In the new comedy-drama, Turner, 57, plays Eileen Cleary, a devoutly religious wife and mother who has been nominated for Catholic Woman of the Year in her small town parish. Problem is, she may not get the prized title if the church finds out that her unwed, pregnant daughter (Emily Deschanel) is actually a lesbian, her son (Jason Ritter) has just left his wife and kids for the local manicurist, and that her marriage to a recovering alcoholic husband (Michael McGrady) is on the rocks.
The outspoken actress – she’s pro-gay marriage and on the board of People for the American Way (a progressive advocacy group she describes as, “protectors of the first amendment and watchdogs of the religious right”) – phoned in to chat (in that unmistakable, husky voice) about balancing doctrine with real life, her passion for the theater, and staging a timely play in Washington to coincide with the upcoming Presidential election.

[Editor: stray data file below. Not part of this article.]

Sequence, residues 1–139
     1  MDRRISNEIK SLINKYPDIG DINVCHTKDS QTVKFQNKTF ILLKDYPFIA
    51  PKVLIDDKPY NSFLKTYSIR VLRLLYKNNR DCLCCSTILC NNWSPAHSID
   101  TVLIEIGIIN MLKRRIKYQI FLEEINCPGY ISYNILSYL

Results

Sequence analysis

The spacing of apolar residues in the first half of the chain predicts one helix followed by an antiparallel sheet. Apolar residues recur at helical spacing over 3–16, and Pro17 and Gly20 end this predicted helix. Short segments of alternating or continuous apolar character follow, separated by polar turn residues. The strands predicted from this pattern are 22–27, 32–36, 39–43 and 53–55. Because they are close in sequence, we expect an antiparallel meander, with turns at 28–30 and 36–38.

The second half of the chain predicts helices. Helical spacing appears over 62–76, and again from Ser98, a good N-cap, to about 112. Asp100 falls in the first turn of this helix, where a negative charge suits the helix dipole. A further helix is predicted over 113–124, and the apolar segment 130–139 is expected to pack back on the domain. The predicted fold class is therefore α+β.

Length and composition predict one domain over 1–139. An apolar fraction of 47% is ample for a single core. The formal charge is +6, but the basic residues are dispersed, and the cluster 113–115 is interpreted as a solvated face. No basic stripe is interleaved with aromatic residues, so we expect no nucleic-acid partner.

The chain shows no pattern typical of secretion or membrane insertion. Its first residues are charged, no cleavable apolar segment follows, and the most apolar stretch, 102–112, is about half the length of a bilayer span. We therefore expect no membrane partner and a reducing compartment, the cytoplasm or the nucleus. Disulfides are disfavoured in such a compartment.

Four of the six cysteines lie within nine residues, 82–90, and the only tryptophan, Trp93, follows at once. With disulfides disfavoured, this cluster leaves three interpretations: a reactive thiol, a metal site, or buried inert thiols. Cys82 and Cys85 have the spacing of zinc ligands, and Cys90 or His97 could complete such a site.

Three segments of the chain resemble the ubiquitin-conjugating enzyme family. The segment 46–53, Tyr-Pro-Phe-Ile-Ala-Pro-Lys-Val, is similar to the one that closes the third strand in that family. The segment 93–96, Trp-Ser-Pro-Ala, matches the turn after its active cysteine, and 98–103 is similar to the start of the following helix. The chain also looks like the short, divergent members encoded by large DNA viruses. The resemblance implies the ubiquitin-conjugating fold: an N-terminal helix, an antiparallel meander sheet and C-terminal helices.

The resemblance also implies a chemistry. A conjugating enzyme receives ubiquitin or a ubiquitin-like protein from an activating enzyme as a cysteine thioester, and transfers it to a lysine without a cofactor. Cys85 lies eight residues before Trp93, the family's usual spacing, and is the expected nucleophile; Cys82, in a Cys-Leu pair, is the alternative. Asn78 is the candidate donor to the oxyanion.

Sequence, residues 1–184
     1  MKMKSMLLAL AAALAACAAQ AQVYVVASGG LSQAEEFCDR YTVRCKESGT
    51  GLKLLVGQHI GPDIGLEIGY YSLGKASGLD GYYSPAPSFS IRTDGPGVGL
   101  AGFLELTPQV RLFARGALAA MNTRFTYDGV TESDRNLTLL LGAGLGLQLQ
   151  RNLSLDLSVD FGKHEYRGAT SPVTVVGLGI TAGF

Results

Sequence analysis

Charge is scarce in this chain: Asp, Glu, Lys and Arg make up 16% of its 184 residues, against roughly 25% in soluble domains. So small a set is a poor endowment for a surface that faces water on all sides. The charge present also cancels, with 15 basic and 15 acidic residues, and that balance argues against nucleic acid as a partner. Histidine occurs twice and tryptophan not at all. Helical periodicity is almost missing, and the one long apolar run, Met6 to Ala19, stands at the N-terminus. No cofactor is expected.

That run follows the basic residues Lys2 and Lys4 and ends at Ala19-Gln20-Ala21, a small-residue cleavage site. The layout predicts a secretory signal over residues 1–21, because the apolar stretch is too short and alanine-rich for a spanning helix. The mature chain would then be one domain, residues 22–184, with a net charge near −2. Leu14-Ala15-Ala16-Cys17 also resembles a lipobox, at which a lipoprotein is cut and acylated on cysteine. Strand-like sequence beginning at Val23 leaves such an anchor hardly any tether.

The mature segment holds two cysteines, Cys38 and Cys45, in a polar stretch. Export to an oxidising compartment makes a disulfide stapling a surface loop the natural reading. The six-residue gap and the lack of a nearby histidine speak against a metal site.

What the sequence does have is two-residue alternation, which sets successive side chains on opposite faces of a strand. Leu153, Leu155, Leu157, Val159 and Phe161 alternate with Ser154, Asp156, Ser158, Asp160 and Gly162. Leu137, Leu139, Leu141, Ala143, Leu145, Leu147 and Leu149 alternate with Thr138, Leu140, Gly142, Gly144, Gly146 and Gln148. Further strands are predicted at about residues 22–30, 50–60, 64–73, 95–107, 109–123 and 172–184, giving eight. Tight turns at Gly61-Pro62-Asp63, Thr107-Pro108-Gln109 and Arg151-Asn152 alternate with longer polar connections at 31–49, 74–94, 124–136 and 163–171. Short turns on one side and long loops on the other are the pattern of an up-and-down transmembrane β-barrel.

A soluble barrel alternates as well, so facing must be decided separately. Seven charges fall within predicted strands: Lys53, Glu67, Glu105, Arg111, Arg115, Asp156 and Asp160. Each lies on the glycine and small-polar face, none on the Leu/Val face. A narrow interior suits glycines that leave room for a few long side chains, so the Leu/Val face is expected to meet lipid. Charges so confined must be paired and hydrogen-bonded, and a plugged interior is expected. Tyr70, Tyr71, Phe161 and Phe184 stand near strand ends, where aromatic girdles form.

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There are a lot of really big themes in "The Perfect Family," was that part of the attraction of getting involved?
Oh yes, right from the very beginning. You think of the incredible conflict between someone who believes so totally in the [Catholic] doctrine and yet tries to live in the real world. It almost seems impossible that one can inhabit both, and as the movie unfolds it is clearly not possible. So what happens is the character has to reassess, has to change, has to learn. And that is absolutely the number one requirement of any character that I would be interested in doing – they have to go through a process, a change.